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What we're asking, what you're saying
St. Louis Public Radio wants to know what you know about lynchings and what direct connections you have, especially if you have relatives who either were lynched, or participated in those acts.
Please take a moment to answer these short questions that will inform not only the live event but upcoming KPCC coverage.
KPCC’s arts education reporter Carla Javier is hosting an event in May about ethnic studies and the arts, and we’re turning to you for your insights.
If you were a worker who lost your job, or an employer who had to downsize your staff during the economic downturn, how are thing going for you now?
Your most loved lake is most loved for a reason, tell us!
The Water Main is collecting personal stories about water so that we may better understand its significance in our lives. Please share yours.
PINfluence Stories informed by the Public Insight Network
These two sources first responded to KPCC questions about rent in 2014. Four years later, they're in a story about recent developments around rent control.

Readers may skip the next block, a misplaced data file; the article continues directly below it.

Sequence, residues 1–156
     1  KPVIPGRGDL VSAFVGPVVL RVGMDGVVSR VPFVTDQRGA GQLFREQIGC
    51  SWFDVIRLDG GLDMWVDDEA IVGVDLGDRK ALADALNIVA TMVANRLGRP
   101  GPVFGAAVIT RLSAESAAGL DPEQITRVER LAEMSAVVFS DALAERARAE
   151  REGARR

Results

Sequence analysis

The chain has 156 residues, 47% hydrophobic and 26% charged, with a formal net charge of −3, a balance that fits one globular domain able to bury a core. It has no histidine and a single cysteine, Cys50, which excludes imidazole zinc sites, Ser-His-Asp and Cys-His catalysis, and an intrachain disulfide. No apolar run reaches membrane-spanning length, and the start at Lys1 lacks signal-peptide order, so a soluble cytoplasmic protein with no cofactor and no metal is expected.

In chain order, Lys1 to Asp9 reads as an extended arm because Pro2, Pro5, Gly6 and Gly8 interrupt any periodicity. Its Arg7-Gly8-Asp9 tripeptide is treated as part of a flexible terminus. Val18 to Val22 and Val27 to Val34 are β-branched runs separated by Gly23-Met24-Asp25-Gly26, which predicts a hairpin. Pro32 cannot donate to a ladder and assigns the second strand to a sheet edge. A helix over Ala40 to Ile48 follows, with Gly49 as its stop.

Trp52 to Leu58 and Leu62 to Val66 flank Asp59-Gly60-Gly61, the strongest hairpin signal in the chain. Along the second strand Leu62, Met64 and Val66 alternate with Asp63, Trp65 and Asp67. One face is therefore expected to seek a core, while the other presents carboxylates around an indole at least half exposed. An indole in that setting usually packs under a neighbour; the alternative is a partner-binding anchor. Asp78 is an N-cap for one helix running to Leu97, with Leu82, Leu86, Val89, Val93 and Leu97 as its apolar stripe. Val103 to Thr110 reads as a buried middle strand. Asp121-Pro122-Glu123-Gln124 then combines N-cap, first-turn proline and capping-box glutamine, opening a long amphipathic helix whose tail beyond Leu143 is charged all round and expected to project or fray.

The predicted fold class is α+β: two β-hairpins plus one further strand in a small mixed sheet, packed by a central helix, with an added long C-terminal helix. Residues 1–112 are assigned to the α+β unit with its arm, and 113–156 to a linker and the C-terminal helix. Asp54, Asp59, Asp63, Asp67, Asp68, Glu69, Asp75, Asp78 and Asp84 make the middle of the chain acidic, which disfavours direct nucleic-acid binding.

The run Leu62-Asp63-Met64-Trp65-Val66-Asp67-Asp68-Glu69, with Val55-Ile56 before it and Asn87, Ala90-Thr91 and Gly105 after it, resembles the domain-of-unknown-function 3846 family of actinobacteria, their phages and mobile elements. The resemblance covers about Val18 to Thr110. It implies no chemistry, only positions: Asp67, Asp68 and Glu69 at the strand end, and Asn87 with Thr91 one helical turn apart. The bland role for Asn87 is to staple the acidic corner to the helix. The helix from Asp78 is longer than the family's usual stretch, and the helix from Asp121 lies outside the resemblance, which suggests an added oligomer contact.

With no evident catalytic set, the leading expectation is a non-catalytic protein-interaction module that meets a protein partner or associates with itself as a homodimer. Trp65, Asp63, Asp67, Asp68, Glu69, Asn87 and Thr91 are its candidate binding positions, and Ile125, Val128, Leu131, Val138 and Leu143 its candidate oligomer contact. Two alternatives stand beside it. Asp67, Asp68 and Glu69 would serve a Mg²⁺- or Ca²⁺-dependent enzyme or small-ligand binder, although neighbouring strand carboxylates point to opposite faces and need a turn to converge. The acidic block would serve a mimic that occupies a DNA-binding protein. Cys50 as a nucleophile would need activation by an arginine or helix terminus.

NO PLACE LIKE L.A. IS OUR SERIES THAT ASKS L.A. TRANSPLANTS AND IMMIGRANTS: "WHEN WAS THE MOMENT YOU FELT THAT LOS ANGELES WAS TRULY HOME?" THIS IS THE STORY OF ISABELLE TERAOKA IN WESTMINSTER, WHO'S ORIGINALLY FROM BELGIUM.
What we hate and what we love about California driving April 5, 2018
Driving in California was once joy-inducing. Look no further than The Beach Boys or The Doobie Brothers. In 1958, there were just under 8 million registered vehicles sharing California's freeways. Today, the number of registered cars has nearly quadrupled; at the end of 2017 there were 35.4 million cars and trucks and trailers on the road. Our freeway building hasn't kept up with the added traffic. No wonder our commutes can be slow, miserable slogs. We asked what you hate and what you love about your commute. As you’d expect, there’s a whole lot of negative feeling out there. People hate congestion. Construction. Parking. Inconsiderate drivers.
The chance to see "Hamilton" in St. Louis made Chelsea Whitaker do something she’s never done before: pay $150 to see a show. Whitaker and several other PIN sources shared what they were hoping to get out of this special theater experience.